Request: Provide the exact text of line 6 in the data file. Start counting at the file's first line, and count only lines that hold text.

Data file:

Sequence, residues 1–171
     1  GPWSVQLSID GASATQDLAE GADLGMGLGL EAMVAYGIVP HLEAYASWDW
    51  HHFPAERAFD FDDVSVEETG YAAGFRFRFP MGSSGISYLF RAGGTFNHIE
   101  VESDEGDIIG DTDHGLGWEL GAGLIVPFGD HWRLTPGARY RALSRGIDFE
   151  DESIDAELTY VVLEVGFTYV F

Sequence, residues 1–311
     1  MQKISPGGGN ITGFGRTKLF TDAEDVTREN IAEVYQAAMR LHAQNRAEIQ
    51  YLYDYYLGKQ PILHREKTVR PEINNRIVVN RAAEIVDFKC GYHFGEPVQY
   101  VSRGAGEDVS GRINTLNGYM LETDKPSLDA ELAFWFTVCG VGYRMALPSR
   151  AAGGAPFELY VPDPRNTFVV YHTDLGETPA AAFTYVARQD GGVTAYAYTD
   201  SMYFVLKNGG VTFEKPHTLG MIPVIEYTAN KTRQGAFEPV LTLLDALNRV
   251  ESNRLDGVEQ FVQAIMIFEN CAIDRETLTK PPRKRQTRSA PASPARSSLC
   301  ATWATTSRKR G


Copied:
Sequence, residues 1–311